The economic imbalances of the eurozone are undermining citizens’ confidence in the European project. Cutting Germany’s trade surplus could help redress the balance, Jérôme Creel said in an interview with EURACTIV France.
Jérôme Creel is an economist, professor and director of the studies department at the French Economic Observatory (OFCE). Creel coordinated the publication of OFCE’s paper European Economy 2017.
France is expecting GDP to grow by 1.7% in 2017: is this the return of economic growth?
Economic activity is expected to take off, which seems to be reflected in the statistics. Inflation bounced back at the end of 2016, which is a harbinger of progress. Of all the economic policies that have been followed, monetary policy has undoubtedly brought the biggest positive impact, which we are beginning to see today: the ECB’s share buy-back scheme that started 18 months ago.
The tentative return of economic growth does not seem to have had a very positive impact on unemployment in France…
The effect of growth on employment is less dramatic that it used to be. The labour market is very static. More people who had lost their jobs are now re-entering work, and some previously insecure workers are now moving from part-time to full-time contracts.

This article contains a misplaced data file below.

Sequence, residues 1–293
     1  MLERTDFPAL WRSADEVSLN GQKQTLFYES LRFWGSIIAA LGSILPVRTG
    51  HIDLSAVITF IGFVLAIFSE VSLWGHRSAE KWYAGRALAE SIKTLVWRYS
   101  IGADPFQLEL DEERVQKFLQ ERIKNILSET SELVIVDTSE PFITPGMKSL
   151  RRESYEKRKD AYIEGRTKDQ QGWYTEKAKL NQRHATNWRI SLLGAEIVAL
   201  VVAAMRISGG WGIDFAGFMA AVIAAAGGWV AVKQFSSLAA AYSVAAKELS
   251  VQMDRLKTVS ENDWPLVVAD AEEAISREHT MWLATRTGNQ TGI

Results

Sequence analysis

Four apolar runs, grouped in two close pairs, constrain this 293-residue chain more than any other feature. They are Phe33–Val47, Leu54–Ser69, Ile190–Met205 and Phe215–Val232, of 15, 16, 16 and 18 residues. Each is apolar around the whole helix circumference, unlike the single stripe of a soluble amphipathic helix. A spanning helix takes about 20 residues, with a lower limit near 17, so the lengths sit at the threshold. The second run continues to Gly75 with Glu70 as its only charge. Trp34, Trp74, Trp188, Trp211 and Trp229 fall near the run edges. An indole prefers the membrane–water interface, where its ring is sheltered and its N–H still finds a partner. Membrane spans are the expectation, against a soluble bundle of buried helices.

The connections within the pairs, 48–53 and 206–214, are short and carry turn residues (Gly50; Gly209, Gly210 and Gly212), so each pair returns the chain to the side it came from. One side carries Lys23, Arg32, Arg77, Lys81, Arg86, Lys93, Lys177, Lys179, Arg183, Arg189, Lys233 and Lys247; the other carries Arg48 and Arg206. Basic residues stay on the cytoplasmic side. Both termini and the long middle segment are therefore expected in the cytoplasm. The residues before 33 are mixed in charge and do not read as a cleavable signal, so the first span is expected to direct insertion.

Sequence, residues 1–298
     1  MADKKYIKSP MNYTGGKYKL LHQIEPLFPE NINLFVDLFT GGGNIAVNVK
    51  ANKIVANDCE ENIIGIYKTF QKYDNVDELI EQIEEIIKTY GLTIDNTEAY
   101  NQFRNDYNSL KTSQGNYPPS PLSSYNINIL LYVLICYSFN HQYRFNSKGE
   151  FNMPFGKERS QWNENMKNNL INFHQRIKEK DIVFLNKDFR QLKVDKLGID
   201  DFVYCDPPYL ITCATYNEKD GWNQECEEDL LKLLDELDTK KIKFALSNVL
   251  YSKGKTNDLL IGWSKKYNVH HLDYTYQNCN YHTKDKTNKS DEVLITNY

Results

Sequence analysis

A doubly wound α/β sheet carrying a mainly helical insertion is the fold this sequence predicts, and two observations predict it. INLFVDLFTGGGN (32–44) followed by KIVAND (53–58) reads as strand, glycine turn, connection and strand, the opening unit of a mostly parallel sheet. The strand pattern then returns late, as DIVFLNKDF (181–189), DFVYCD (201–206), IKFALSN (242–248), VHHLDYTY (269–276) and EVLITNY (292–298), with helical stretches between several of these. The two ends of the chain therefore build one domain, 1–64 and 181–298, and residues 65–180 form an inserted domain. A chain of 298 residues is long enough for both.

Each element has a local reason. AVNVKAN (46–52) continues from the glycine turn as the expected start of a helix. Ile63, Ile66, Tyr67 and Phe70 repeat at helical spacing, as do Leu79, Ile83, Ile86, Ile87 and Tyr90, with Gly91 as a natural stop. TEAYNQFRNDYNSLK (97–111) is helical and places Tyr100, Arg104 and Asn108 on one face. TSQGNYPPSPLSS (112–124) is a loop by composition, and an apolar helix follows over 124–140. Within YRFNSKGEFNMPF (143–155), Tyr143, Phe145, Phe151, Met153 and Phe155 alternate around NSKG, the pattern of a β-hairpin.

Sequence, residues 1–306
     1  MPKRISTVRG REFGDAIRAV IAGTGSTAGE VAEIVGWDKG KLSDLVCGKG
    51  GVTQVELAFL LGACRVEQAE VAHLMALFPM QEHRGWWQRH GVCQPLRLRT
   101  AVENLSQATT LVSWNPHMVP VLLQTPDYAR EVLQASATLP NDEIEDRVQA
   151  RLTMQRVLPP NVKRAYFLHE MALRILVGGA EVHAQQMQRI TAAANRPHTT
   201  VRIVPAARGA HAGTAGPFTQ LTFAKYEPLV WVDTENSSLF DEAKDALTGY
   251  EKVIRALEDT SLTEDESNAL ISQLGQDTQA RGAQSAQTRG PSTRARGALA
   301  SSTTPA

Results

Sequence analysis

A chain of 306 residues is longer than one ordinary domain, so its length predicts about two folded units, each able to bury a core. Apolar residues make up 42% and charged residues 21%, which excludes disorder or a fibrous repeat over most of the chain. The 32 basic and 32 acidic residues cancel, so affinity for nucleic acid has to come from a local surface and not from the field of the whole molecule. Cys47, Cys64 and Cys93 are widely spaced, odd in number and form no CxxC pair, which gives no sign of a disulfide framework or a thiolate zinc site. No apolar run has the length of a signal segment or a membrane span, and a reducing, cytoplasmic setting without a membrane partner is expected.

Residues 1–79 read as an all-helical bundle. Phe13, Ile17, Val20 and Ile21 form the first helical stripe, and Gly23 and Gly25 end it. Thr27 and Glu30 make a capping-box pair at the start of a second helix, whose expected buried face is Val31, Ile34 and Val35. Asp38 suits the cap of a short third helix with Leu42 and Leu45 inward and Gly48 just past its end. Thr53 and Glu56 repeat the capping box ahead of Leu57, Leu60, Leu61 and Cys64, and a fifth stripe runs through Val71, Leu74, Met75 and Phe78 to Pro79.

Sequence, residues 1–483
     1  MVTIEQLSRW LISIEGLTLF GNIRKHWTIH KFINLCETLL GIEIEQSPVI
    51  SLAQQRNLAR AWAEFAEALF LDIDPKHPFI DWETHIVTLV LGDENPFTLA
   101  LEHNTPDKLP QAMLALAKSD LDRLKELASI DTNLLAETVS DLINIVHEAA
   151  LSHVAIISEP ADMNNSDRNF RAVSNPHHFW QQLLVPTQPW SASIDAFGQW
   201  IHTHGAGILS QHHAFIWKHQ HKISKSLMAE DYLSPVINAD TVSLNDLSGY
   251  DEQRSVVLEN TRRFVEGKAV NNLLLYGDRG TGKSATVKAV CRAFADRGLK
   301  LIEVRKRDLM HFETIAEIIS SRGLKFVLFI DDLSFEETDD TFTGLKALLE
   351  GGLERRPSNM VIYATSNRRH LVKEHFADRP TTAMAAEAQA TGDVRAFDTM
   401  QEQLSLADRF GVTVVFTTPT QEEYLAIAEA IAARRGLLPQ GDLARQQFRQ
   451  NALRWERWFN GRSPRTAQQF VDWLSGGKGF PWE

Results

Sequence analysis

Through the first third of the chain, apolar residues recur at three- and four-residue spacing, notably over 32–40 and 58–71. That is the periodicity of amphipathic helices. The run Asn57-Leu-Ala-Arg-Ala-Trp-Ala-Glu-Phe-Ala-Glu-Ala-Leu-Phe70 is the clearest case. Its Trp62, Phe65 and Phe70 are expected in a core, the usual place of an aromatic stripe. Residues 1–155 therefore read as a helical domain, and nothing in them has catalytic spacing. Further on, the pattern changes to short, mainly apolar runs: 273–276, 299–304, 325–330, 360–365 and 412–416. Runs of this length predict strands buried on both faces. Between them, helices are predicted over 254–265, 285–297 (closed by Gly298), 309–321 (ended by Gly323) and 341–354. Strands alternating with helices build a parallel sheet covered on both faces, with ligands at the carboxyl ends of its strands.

Within the EU the situation is highly varied: some countries have full employment, others have strong growth…
EU countries did not all have the same tools to confront the financial crisis. Germany had made wide-ranging, costly reforms before the crisis and found financial stability before 2008. So on the other side of the Rhine, unemployment even fell during the crisis, while the opposite was going on in France and the countries of southern Europe, which were severely impacted by German competition on labour costs. All this at the same time as suffering depressed exports due to a strong euro, propped up by Germany’s trade surplus.
Italy felt the full force of competition from other countries, like the emerging economies, which did not have this monetary handicap. Germany’s uncooperative policy is largely responsible for the current disparities.
You say that Germany was uncooperative, but there were no rules in place to oblige it to cooperate in terms of fiscal policy.